in: Features | April 26, 2010 | by: Patrick

SSD: A Closer Look

Writing Cycle and Memory Types

As with any other flash memory-based storage, the SSD has a limited writing cycle. This depends upon the type of flash memory being incorporated. Two of the most cost common kinds are:

  • Single Level Cell (SLC). This type of memory stores data in memory cells. Every one bit of data is stored in one memory cell. The production cost is high, but the writing cycle may reach as much as 100.000 cycles.
  • Multi Level Cell (MLC). Contrary to SLC, this type of memory stores data in multi-level memory cells that can fit in larger amounts of data in each cell, allowing for higher data density. It is cheaper to produce, but the writing cycle is only 1/10 of the SLC, and it is also slower in terms of speed.

When an SSD has reached its writing cycle limit, it loses the ability to write. If you want to add some more data, you will have to buy a new one as by then the SSD would only be able to read what is already stored in it. Theoretically, an MLC SSD can be used for three to five years, depending on its usage. SLC SSDs last much longer. Deleting a file, formatting or defragmenting an SSD reduces its writing cycle. Unfortunately, aside from shortening its life, such activities will also reduce an SSD’s performance.


Microsoft introduced a new function for SSDs in its latest operating system, the Windows 7. It is called TRIM, and it aims to improve the speed of SSDs as well to suppress the type of usage which could potentially reduce SSD writing cycles. Now, how does it work?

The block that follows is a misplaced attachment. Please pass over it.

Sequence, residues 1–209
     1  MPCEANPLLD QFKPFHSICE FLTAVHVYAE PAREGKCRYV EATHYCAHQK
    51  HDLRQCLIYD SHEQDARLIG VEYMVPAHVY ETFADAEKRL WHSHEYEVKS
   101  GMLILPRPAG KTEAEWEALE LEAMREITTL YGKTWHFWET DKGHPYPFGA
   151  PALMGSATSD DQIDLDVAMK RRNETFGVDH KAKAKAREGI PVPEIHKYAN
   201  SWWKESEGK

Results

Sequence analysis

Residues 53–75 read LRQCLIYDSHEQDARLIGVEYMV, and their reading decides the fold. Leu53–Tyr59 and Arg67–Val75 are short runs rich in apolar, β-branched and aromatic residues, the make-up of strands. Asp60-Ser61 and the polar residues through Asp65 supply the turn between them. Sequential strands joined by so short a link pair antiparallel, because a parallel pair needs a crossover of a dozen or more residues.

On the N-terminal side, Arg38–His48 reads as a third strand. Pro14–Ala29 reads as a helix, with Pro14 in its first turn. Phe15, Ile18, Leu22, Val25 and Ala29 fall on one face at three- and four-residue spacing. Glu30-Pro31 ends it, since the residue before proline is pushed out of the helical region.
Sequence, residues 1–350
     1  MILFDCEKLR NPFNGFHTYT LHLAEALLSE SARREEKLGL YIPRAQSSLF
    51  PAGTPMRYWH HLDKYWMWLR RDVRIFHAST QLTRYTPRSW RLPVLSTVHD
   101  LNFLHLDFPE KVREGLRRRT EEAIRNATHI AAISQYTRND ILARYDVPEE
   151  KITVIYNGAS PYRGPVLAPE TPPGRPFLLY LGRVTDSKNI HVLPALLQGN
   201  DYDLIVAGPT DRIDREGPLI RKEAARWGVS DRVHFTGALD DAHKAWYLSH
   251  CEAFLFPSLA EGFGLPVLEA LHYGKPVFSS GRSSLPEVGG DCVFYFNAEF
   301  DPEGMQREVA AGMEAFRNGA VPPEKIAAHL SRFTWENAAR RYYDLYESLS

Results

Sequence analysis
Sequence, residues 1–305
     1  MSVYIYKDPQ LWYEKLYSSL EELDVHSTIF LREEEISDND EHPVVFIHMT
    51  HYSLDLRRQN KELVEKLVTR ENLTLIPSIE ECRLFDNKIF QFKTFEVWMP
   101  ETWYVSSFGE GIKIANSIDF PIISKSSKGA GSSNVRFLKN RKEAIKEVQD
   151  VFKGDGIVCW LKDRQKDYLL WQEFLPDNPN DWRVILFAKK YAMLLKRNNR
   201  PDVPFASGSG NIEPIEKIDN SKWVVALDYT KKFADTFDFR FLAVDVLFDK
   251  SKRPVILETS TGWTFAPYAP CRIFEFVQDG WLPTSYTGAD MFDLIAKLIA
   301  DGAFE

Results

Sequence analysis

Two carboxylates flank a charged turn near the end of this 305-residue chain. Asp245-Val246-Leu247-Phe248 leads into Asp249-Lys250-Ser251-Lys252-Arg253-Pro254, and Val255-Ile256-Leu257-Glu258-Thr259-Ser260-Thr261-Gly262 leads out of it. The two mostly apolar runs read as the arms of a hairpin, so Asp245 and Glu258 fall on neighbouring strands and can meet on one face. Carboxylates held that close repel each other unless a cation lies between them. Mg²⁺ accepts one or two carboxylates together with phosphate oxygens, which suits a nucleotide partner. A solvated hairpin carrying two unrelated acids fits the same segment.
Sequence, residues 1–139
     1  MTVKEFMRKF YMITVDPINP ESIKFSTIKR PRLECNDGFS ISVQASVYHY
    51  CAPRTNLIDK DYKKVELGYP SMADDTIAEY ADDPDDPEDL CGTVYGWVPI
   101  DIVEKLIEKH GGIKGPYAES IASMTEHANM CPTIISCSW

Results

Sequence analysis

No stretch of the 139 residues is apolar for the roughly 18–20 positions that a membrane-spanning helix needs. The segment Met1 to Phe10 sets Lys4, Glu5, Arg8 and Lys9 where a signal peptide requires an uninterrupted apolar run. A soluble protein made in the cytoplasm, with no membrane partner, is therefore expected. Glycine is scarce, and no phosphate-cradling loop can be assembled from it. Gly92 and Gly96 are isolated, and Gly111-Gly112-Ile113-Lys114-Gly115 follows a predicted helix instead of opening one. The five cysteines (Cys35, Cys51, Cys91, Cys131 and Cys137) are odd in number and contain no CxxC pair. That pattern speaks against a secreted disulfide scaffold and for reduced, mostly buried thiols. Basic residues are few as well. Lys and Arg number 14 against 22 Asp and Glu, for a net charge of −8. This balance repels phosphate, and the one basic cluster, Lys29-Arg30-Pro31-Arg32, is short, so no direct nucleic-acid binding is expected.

When a file is deleted, usually the operating system would only mark the corresponding area in which the file as located as “overwriteable”, thus allowing other data to be written on it. This kind of activity is harmless to ordinary hard disks, but flash memories would suffer some loss of performance if one block (every block consists of several pages, usually 128, measuring 4 KB each) has been used for this kind of operation more than once. Data in an SSD can only be deleted per-block.

This is where the TRIM comes in. When a command to delete is issued, the operating system will hand over the controls to the SSD’s firmware. The SSD then copies all the blocks containing data to be deleted into a cache, erases the block, re-writes the data into the block in the cache level, and finally re-writes it back into the flash memory.

Unfortunately, TRIM’s functions will only kick in when you or the operating system issued a delete command or data erase. When a data is directly overwritten, TRIM will not be able to do anything to stop the operation from further reducing the life cycle and performance.

TRIM requires a compatible drive as well as an operating system which supports it, such as Windows 7. Beginning from kernel revision 2.6.28, LINUX has also added support for TRIM. On the hardware side, you can ask the manufacturer of your SSD to see if there is any new firmware release which enables TRIM support.


Another way to improve an SSD’s performance is by using Microsoft’s latest file system, the exFAT. Microsoft claims that it would optimize SSD usage. This file system aligns its metadata and the cluster heap (a space allocated for files and folder) according to the optimal writing sped of a flash memory. Unfortunately, only Windows Vista with Service Pack 1 and above have support for it. A separate update is also available for Windows XP users. We will discuss exFAT in details in another article.

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